In THE IMMORTAL IRISHMAN: The Irish Revolutionary Who Became An American Hero, Pulitzer Prize–winning reporter and National Book Award-winning author Timothy Egan tells the Irish American story, with all its twists and triumphs, through the improbable life of Thomas Francis Meagher. A dashing young orator during the Great Famine of the 1840s, in which a million of his Irish countrymen died, Thomas Francis Meagher led a failed uprising against British rule, for which he was banished to a Tasmanian prison colony. He escaped and six months later was heralded in the streets of New York — the revolutionary hero, back from the dead, at the dawn of the great Irish immigration to America.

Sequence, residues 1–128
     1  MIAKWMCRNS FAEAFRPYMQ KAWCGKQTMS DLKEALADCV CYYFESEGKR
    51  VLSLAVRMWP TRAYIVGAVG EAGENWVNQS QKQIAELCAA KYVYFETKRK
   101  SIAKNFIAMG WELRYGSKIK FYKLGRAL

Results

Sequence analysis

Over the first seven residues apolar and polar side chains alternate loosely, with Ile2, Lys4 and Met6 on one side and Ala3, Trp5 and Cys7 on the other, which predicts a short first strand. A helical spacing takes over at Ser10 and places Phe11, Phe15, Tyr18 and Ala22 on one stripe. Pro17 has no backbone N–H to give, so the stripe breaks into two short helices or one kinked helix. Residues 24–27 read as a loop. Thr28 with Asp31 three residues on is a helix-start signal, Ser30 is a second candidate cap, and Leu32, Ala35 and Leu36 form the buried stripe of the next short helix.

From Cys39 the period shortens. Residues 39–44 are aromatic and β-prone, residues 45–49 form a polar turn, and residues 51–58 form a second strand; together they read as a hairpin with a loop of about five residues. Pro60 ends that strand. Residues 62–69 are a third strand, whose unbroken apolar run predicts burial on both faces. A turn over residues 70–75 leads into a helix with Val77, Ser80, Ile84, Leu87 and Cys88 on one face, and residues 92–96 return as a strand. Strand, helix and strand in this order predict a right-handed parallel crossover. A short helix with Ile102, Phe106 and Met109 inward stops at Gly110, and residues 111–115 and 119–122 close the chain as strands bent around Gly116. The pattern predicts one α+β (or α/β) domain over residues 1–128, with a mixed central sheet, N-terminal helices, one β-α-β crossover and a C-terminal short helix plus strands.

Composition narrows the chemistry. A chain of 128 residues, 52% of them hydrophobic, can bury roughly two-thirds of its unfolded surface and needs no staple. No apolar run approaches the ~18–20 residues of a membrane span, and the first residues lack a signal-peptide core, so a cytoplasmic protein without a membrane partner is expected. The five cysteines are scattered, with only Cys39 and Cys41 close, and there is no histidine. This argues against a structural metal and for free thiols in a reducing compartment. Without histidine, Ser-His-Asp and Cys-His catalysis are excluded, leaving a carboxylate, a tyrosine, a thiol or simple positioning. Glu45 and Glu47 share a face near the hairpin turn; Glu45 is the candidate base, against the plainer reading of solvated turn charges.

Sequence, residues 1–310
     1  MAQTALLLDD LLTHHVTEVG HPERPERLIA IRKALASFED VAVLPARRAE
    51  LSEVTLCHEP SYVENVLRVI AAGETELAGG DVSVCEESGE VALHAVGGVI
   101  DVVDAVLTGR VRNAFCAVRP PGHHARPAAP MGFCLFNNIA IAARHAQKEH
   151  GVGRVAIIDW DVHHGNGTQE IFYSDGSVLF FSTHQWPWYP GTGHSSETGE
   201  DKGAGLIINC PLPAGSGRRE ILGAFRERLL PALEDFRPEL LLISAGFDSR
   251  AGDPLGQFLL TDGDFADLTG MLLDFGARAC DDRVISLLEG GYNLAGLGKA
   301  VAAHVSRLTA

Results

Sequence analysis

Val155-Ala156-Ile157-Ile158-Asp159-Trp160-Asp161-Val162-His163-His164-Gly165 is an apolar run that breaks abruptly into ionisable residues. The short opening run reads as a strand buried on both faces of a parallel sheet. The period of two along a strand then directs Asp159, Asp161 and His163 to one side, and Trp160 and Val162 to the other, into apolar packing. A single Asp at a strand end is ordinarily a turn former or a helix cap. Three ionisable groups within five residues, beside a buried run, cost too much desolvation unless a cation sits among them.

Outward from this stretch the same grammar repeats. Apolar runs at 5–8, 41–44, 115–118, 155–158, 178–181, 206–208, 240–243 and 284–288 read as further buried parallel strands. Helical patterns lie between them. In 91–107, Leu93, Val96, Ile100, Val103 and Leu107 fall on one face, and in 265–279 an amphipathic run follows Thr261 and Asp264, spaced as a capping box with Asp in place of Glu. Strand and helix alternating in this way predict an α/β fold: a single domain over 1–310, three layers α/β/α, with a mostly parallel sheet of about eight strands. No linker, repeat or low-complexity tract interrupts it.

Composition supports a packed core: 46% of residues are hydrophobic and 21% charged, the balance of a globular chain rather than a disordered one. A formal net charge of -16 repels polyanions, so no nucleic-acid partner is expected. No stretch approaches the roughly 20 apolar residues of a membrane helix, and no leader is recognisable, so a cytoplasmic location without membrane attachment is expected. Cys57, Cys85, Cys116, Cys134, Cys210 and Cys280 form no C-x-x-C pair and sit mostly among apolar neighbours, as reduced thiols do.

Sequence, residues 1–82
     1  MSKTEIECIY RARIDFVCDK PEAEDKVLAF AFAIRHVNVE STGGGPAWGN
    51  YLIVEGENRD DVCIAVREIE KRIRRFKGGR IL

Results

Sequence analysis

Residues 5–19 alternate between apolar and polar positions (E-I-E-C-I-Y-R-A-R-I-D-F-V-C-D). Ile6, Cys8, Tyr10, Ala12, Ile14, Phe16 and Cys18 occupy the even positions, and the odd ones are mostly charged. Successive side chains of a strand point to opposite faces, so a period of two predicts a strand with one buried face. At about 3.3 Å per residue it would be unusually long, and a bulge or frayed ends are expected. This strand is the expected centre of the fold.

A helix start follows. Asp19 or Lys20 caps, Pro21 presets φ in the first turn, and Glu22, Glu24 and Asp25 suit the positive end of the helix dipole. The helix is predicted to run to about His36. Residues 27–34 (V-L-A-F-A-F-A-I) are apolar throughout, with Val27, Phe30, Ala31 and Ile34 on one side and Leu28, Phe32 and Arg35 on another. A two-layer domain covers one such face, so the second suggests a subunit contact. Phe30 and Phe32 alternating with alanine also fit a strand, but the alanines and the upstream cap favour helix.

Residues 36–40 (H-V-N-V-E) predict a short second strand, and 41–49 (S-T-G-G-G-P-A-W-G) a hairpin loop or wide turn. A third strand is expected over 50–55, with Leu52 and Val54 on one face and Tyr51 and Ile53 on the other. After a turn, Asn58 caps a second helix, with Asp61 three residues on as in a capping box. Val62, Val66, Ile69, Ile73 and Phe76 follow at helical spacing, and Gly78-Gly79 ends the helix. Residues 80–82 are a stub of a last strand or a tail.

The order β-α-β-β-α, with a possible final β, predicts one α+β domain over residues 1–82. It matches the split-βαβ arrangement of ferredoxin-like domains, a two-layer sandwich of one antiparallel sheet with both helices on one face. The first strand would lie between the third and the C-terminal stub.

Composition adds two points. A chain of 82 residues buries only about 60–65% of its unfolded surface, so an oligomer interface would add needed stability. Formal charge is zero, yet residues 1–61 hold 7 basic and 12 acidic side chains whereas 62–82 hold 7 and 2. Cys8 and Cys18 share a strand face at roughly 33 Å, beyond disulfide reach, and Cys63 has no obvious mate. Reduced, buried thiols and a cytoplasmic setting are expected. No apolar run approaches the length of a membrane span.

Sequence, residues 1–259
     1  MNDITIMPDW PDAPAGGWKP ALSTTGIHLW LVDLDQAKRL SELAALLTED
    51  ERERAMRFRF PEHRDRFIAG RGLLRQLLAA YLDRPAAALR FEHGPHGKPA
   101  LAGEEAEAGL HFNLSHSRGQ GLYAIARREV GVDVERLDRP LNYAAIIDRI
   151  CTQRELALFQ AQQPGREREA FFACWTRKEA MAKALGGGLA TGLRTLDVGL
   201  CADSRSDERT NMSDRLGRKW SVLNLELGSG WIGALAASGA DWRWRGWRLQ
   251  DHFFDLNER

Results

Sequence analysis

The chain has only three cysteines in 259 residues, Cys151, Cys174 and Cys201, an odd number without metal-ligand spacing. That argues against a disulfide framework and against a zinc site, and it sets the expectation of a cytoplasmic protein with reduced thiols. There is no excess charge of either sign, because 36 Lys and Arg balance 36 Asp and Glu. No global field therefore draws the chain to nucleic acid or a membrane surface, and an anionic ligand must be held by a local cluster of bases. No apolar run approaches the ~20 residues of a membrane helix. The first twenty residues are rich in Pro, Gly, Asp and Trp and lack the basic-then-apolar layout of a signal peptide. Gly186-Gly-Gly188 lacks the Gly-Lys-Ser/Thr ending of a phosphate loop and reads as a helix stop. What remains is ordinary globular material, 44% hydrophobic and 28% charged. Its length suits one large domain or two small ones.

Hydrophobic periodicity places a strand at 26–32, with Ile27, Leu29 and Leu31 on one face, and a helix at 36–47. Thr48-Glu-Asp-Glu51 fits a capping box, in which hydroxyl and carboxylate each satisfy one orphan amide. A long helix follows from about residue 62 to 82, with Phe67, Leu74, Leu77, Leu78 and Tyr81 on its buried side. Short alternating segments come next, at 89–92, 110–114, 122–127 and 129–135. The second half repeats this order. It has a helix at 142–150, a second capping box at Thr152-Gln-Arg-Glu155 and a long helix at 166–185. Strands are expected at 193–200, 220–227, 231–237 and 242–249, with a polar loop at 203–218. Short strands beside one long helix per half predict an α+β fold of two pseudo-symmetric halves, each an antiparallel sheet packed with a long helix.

Meagher’s rebirth in America included his leading the newly formed Irish Brigade from New York in many of the fiercest battles of the Civil War — Bull Run, Antietam, Fredericksburg. Twice shot from his horse while leading charges, left for dead in the Virginia mud, Meagher’s dream was that Irish-American troops, seasoned by war, would return to Ireland and liberate their homeland from British rule.
The hero’s last chapter, as territorial governor of Montana, was a romantic quest for a true home in the far frontier. His death has long been a mystery to which Egan brings haunting, conclusive new evidence.
TIMOTHY EGAN is a Pulitzer Prize–winning reporter, a New York Times columnist, winner of the Andrew Carnegie Medal for excellence in nonfiction, and the author of seven books, most recently Short Nights of the Shadow Catcher. His previous books include The Worst Hard Time, which won a National Book Award, and the national bestseller The Big Burn.